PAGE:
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Dietary intervention may not alter wooden breast

Research suggests that different dietary treatments did not alter incidences or severity of wooden breast or white striping.

Auburn University researchers recently completed a project that examined different dietary treatments for woody breast in broiler chickens.

Funded by the U.S. Poultry & Egg Assn. (USPOULTRY) and the USPOULTRY Foundation, Dr. W.A. Dozier III and colleagues from Auburn determined the effects of various levels of dietary lysine, vitamin C, phytase and potassium concentrations on reducing the incidence of wooden breast of broilers destined for further-processing markets.

In a research summary posted to the USPOULTRY website, Dozier explained that wooden breast is a breast muscle myopathy characterized with fillets being pale in color, exhibiting a hard-bulging appearance and having altered texture due to an increase in connective tissue. The altered texture can result in consumer complaints of poultry products.

He reported that some companies have observed the incidence of wooden breast in the 10-40% range, particularly for broilers grown to weights exceeding 7.5 lb. The affected fillets may be downgraded or condemned, resulting in loss of yield and revenue to broiler complexes, Dozier added.

According to Dozier, a short-term approach to reducing the incidence and severity of wooden breast could be dietary interventions while genetic selection would be the long-term strategy.

The objectives of the Auburn study were to: (1) determine the additive effects of dietary lysine deletion and increasing phytase concentrations on reducing the incidence of wooden breast of broilers destined for further-processing markets, and (2) ascertain the additive effects of dietary lysine deletion with vitamin C and potassium concentrations on reducing the incidence of wooden breast of broilers destined for further-processing markets.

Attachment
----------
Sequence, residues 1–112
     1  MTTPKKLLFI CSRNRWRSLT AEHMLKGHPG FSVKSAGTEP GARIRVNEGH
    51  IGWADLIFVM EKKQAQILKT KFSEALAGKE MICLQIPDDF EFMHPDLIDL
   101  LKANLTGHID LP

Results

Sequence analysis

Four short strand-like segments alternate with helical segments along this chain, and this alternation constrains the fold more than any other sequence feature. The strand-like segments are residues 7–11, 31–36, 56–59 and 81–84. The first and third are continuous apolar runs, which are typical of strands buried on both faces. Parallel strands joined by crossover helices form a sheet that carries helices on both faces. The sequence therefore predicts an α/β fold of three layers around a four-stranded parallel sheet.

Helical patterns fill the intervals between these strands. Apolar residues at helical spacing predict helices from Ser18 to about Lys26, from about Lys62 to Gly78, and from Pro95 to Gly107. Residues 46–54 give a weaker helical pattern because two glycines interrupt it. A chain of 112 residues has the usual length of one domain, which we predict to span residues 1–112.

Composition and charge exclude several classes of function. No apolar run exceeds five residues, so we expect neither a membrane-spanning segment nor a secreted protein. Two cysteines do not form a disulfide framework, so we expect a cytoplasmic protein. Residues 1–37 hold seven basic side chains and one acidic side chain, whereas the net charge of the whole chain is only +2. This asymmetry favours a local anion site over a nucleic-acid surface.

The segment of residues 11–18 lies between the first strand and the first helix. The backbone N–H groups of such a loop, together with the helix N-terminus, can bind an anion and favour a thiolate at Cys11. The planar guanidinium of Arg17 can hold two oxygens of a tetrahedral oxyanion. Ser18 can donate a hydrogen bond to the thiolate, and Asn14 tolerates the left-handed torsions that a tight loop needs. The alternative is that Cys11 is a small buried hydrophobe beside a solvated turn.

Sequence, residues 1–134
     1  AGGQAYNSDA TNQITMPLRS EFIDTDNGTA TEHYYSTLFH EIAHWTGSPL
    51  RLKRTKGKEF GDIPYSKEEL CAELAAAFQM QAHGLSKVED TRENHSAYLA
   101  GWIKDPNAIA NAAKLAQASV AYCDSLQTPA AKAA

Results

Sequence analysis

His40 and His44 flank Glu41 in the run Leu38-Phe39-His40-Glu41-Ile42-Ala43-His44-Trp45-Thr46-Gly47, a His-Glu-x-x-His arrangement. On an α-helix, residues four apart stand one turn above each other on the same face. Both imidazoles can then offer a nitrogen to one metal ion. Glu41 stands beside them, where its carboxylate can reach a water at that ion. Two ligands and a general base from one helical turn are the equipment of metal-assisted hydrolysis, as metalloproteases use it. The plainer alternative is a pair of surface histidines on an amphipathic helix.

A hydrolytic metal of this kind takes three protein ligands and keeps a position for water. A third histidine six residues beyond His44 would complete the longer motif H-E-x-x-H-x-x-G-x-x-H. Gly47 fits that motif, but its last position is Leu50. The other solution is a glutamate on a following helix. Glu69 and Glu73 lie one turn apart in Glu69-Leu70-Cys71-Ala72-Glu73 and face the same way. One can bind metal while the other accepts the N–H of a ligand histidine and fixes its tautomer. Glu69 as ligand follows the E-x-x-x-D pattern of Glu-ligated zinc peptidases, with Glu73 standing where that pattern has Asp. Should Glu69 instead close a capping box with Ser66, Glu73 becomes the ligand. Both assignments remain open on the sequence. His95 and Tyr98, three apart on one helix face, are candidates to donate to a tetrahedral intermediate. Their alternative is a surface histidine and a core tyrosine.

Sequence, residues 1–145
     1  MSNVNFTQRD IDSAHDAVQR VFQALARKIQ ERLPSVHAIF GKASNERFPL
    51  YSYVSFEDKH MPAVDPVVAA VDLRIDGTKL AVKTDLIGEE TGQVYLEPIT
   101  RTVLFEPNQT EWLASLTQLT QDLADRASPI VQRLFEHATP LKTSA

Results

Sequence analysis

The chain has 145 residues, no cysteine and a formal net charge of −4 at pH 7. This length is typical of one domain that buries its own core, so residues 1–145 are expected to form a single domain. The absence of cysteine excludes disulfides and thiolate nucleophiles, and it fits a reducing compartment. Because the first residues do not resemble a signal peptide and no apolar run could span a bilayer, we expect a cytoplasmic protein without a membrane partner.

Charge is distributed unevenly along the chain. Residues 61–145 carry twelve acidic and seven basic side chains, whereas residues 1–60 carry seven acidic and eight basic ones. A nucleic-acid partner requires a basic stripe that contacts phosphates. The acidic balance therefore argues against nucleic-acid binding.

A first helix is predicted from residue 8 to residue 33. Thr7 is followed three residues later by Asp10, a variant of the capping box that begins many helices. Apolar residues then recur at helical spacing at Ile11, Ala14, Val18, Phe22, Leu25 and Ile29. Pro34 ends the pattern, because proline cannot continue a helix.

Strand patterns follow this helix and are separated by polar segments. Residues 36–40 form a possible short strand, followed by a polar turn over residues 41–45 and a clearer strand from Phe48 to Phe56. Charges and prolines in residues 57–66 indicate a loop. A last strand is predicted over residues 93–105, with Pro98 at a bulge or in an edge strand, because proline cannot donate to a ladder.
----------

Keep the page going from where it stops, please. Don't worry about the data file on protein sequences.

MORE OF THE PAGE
For objective 1, Dozier said an experiment was conducted to evaluate growth performance, meat yield responses and breast meat quality of broilers fed diets with varying levels of dietary lysine and phytase supplementation.

Six dietary treatments with 10 replicate pens per treatment were evaluated, he explained and these diets were fed to male broilers from 1 to 53 days of age.

None of the dietary treatments had any effect of the incidence or severity of wooden breast, Dozier reported.

For objective 2, an experiment evaluated growth performance, meat yield responses and breast meat quality of broilers fed diets with varying levels of dietary lysine, vitamin C and potassium, Dozier said.

Seven dietary treatments with nine replicate pens per treatment were evaluated. These diets were fed to male broilers from 1 to 55 days of age.

Again, Dozier reported that none of the dietary treatments had any effect of the incidence or severity of wooden breast.

In general, Dozier said the experimental data indicated that the dietary treatments implemented in this study did not alter the incidences or the severity of wooden breast or white striping.

TAGS: Poultry
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